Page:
I absolutely loved Sean Gabb’s “The Churchill Memorandum”, with its 39-Steps plot, Harold Macmillan as the villain, and the acid bath murderer from Bulldog Drummond renamed Michael Foot. “The Break” wasn’t as good — the plot was made up as it went along and went off the rails at the end, but you can get a lot of mileage from exploring the implications of an interesting setting. (I preferred “The Great Before” by Ross Clark, which has a similar setting to “The Break”.)
The problem with “The York Deviation” is that the plot is very obviously made up as we go along, and the setting (York University in 1981) isn’t interesting enough rescue it. It starts strongly — the narrator wakes up back at university, in his body from twenty years ago. He spends a few chapters exploring, convinced it is a dream, but after several days he can no longer be so sure. It becomes apparent that there are some slight differences from the real past.
This has nothing to do with the plot that eventually emerges, which is as follows: There is a portal under York University, which can only be opened with a magic key possessed by the protagonist. The government want to open it because they think they will find something useful, but unfortunately what they do find is a portal to 65 million years ago, when the world was ruled by intelligent reptilians, who want to conquer the present day world to escape their destruction by the asteroid which killed the dinosaurs. The book finishes with a small battle between army and the reptilians, which ends when the hero manages to get back to the key and seal the portal.
The problem is that the plot only becomes apparent about 2/3 into the book, and it’s not a good one. And what’s it got to do with the hero waking up twenty years back in time? Nothing makes any sense and there are plenty of irrelevances and loose ends. The universe is administered by some supernatural undertakers, who are supervising the conflict between the humans and the reptilians. Why? One of the characters is a sort of vampire. Why? Some other characters also turn out to be from the future, transported back in time to their earlier bodies. Why? One of them appears to be in contact by email across time with Satan. Why? That same character tries to murder the protagonist with a bomb. Why? The protagonist’s friends have all been removed by the Undertaker. Why?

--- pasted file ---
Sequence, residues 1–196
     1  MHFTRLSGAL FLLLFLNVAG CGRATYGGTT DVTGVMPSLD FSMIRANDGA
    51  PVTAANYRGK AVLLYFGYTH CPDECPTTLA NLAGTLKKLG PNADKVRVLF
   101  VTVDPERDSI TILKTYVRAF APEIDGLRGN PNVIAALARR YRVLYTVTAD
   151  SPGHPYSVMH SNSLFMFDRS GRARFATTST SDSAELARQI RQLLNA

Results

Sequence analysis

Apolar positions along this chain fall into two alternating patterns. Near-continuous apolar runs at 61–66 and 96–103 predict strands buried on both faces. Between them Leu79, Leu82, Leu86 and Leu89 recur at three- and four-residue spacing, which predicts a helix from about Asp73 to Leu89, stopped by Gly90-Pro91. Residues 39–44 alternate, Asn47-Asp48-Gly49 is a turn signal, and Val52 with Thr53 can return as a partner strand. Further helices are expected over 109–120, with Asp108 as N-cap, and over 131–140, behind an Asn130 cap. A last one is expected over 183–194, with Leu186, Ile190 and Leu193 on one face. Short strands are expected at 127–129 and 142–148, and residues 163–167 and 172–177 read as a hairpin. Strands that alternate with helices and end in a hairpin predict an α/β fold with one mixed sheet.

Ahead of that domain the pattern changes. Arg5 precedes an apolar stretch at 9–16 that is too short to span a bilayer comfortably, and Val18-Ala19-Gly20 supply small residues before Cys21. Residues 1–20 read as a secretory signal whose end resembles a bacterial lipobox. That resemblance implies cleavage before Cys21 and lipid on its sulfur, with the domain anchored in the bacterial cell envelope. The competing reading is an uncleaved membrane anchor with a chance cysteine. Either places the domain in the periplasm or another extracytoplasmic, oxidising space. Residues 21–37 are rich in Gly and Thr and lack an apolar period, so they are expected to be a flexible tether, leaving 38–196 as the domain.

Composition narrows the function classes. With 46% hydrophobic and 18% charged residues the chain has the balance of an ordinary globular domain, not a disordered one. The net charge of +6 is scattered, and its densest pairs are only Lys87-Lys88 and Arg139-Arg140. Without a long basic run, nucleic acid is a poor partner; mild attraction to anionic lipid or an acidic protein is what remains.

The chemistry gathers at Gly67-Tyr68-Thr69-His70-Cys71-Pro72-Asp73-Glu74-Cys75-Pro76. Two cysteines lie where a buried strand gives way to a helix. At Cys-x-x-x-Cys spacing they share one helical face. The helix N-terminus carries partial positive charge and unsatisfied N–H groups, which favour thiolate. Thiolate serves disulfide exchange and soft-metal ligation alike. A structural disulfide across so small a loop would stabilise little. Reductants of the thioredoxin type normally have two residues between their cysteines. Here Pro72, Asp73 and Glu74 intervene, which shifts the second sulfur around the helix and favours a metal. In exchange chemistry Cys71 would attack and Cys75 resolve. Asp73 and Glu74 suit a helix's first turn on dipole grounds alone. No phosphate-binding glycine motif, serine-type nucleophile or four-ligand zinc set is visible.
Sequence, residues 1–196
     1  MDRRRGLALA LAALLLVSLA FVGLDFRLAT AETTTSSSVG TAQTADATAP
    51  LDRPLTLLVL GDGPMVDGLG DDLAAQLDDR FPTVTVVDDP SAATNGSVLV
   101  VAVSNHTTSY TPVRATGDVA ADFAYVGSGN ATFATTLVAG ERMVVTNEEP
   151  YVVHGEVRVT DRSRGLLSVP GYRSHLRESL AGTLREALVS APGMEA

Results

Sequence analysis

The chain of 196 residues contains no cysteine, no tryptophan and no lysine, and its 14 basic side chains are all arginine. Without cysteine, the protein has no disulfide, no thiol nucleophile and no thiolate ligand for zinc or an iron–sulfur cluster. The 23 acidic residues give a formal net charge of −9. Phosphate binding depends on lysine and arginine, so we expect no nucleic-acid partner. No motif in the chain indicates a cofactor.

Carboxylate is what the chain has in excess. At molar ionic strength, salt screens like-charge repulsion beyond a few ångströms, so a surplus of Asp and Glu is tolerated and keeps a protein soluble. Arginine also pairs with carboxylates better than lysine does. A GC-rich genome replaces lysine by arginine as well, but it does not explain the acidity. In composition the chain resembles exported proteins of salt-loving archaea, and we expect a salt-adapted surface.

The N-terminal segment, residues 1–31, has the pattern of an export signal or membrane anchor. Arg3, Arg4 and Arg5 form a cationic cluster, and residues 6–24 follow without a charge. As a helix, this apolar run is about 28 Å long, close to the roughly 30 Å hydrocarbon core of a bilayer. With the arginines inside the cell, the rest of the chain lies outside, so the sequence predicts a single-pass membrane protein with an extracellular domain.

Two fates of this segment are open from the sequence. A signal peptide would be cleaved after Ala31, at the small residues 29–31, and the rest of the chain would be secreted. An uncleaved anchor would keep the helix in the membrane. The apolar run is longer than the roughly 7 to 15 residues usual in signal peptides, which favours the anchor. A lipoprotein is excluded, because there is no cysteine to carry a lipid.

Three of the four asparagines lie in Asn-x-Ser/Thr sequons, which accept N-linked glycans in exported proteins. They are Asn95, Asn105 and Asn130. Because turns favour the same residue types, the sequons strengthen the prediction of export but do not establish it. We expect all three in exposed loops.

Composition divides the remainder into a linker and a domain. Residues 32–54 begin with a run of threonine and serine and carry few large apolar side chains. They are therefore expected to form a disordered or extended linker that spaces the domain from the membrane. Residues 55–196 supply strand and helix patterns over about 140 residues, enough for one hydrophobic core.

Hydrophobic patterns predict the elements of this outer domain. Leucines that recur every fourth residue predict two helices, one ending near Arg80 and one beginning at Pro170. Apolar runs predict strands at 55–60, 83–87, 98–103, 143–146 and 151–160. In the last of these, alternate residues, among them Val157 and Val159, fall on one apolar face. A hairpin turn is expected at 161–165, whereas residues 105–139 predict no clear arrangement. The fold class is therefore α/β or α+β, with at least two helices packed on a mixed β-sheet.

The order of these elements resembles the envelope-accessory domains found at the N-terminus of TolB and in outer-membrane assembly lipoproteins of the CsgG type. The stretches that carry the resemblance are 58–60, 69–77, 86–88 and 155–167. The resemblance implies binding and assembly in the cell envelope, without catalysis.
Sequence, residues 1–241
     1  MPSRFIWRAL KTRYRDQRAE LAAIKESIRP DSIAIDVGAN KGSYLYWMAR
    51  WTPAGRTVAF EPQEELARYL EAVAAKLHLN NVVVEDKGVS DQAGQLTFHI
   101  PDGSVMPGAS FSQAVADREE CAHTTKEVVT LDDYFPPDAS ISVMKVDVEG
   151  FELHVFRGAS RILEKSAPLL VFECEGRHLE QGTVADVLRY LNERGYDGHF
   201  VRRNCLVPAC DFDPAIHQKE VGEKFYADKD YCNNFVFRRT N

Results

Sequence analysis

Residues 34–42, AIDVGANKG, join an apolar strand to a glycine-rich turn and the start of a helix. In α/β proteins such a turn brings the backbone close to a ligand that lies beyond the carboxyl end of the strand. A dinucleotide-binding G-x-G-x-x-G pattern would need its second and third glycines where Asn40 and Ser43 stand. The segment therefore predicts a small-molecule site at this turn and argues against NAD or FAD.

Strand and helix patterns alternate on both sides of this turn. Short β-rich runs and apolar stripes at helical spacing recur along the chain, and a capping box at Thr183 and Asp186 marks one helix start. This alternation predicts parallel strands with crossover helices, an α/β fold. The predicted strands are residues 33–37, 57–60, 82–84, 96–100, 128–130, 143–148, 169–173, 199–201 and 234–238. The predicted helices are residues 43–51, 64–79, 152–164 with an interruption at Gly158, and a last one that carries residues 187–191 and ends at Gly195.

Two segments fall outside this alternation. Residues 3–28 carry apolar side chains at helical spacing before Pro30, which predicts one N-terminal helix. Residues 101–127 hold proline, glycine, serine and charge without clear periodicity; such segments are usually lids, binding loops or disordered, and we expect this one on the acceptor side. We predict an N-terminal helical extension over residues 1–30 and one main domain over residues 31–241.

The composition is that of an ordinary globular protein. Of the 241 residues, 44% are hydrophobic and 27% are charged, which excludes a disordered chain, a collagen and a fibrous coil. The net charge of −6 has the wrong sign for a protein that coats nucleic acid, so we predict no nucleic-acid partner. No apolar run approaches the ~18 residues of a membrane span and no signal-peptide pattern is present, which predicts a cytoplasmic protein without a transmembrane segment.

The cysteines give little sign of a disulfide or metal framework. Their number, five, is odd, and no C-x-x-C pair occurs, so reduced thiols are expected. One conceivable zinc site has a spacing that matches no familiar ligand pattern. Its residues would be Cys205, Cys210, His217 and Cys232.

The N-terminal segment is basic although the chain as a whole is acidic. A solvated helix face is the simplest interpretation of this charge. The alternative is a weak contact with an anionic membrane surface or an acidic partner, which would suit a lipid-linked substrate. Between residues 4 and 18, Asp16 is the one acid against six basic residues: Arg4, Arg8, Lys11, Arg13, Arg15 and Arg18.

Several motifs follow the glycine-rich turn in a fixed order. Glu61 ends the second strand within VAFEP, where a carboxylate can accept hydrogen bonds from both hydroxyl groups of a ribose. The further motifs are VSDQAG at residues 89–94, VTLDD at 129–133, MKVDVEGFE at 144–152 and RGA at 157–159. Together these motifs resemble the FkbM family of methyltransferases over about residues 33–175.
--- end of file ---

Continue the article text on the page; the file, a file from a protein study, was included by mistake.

The actual plot has just as many unanswerable questions. Why is there a portal to 65 million years ago? How did the reptilians know they would be able to rely on this portal for their survival? Why is there a magic key, and why does it give the bearer a dog-monster which is bound to protect him? Why is there a magical Roman banquet?
OK, this is fantasy, so I don’t expect the world to be perfectly consistent. In sci-fi, “if a match stops working, so do you. You can’t change just one thing”, as Eliezer Yudkowsky put it. In fantasy, you can get away with a lot more. You can get away with magic. But we expect to have things explained to us, even if the explanations are magical. The world of “The York Deviation” is completely incoherent, and nothing is explained.
The pacing of the book suffers because it isn’t planned. The plot starting in the final third of the book renders the previous two thirds irrelevant. The protagonist spent them attending a seminar, writing an essay, leafleting for the Conservative Association and giving a speech to the student union.
From the blurb “The ne plus ultra of Tory fantasy fiction!”, I had hoped for something like “The Churchill Memorandum”: jokes involving historical figures. But the only historical figures here are Margaret Thatcher and Ronald Reagan, whose presences add nothing to the book. The protagonist makes one political speech with hindsight, and a few political comments, but that’s about it and they are out-of-place in a book with this plot. I can’t recommend it.
Review published on Amazon on the 23rd August 2017
© 2017, seangabb.
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